In particular, Austin and greater Texas happen to be replete with entrepreneurs who can benefit from comprehensive pre- and post-liquidity event planning services, such as concentrated stock management, tax strategies, wealth transfer techniques, estate planning and philanthropy consulting. In addition to advising the C-suite of many Fortune 500 companies, we specialize in helping founders of closely held businesses plan for liquidity events including partial sales, recapitalizations, acquisitions and IPOs.
How can we serve clients better from Austin?
Having a local presence for our Texas-based clients is certainly a value-add. We can finally conduct live meetings in our own conference rooms, and it’s nice for our clients to know we are physically located here if they need anything.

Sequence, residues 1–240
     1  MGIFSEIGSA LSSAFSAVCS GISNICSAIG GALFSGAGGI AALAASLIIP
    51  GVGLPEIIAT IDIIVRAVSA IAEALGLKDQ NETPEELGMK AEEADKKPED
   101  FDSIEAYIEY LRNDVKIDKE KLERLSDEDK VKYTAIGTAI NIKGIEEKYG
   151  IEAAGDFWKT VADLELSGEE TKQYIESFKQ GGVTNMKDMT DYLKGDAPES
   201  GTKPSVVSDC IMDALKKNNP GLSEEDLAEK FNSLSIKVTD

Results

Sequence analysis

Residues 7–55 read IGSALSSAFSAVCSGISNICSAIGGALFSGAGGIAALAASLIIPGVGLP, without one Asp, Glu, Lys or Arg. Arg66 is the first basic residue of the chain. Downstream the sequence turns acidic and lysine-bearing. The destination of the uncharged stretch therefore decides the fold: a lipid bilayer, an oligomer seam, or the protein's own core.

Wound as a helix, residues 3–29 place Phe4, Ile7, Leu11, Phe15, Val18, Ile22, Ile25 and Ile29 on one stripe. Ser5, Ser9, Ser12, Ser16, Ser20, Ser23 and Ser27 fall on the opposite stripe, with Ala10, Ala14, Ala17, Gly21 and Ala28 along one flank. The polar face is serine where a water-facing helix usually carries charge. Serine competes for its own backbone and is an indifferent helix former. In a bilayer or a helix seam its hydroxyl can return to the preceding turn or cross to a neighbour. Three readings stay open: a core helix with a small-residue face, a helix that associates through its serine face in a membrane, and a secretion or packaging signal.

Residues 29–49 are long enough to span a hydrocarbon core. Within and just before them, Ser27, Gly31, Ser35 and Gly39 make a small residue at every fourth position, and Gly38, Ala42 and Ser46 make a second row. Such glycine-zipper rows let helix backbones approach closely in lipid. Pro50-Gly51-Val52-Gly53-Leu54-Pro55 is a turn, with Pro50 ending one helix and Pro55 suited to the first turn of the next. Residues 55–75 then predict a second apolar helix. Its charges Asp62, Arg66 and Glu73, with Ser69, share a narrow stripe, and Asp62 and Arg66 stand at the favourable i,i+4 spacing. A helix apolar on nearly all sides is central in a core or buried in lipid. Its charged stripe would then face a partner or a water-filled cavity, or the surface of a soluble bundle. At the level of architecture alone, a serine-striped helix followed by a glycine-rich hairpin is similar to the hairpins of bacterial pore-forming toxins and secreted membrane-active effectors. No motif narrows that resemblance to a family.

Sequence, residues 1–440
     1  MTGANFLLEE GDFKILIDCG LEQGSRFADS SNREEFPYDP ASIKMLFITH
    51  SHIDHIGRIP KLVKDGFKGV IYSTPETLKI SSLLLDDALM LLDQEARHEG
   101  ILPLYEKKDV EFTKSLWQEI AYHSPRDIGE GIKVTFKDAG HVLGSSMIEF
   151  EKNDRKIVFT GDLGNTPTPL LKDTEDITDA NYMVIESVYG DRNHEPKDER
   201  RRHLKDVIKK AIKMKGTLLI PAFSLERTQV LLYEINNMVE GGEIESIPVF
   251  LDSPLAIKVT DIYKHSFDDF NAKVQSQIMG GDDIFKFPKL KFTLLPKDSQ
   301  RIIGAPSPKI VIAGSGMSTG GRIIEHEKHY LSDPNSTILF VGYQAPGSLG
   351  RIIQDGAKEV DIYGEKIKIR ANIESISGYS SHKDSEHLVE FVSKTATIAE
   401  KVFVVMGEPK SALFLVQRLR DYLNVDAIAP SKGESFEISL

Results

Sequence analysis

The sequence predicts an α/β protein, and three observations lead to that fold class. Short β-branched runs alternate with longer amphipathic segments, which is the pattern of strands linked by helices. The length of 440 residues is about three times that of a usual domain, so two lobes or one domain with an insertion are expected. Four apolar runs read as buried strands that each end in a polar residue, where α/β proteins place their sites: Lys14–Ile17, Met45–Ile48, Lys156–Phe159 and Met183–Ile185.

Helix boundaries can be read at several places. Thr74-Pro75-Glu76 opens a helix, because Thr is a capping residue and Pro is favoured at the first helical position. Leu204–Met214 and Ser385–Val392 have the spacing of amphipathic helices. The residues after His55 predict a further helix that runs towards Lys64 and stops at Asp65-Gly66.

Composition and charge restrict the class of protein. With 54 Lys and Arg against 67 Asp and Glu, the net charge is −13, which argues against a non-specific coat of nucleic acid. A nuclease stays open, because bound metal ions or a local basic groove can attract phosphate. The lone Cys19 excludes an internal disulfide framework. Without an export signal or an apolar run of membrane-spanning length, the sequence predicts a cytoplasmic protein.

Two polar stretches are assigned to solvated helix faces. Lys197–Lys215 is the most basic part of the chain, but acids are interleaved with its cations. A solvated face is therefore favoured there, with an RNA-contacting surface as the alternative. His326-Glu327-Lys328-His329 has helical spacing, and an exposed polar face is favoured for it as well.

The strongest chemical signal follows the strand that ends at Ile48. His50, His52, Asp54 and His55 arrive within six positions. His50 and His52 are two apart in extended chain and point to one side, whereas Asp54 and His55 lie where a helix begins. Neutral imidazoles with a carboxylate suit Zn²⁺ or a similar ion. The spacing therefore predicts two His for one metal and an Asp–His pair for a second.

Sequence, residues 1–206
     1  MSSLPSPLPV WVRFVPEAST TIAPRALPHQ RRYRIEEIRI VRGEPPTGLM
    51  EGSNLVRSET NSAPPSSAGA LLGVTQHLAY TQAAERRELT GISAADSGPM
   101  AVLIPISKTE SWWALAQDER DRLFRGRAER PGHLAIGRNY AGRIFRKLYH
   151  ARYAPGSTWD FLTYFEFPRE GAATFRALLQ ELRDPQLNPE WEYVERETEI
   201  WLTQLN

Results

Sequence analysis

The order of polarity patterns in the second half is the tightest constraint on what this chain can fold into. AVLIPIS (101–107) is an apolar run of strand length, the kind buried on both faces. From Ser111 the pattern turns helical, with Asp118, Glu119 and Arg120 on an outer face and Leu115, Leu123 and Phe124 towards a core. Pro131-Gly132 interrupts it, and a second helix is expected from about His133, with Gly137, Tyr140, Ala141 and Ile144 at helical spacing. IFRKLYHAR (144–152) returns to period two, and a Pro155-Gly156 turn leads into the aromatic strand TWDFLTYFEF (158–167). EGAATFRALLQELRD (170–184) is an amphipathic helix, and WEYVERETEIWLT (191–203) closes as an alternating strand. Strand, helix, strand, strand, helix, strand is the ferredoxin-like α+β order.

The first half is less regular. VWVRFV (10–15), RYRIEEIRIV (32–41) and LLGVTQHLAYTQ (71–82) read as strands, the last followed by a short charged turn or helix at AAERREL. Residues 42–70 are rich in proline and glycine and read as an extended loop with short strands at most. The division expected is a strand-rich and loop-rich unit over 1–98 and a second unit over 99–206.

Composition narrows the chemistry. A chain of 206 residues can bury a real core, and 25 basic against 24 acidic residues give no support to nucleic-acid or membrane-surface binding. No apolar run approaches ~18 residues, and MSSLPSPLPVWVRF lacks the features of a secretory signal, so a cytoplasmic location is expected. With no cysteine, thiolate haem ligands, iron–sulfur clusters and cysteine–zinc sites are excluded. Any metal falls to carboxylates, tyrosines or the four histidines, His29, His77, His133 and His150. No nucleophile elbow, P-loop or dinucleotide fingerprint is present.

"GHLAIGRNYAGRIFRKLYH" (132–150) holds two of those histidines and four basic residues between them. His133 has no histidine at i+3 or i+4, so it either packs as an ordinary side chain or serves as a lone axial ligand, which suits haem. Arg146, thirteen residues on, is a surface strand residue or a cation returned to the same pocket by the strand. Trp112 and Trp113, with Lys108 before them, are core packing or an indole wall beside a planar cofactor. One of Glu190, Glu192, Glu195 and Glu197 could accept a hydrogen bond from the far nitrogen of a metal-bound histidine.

From an operational standpoint we can also better serve our entire client base across the country, as we grow our investment operations department here in Austin. Being in a central time zone where our team members can support advisors on both coasts is key to our commitment to client service.
What’s most surprising to you about Austin?
The energy in Austin is captivating and infectious. It’s no longer a sleepy little town in central Texas made up of mostly government employees, but a diverse and bustling hub of culture, innovation and investment. New shops and restaurants pop up every week, and cranes are peppered throughout the city as crews race to complete the next new high rise. It’s an exciting environment to be a part of.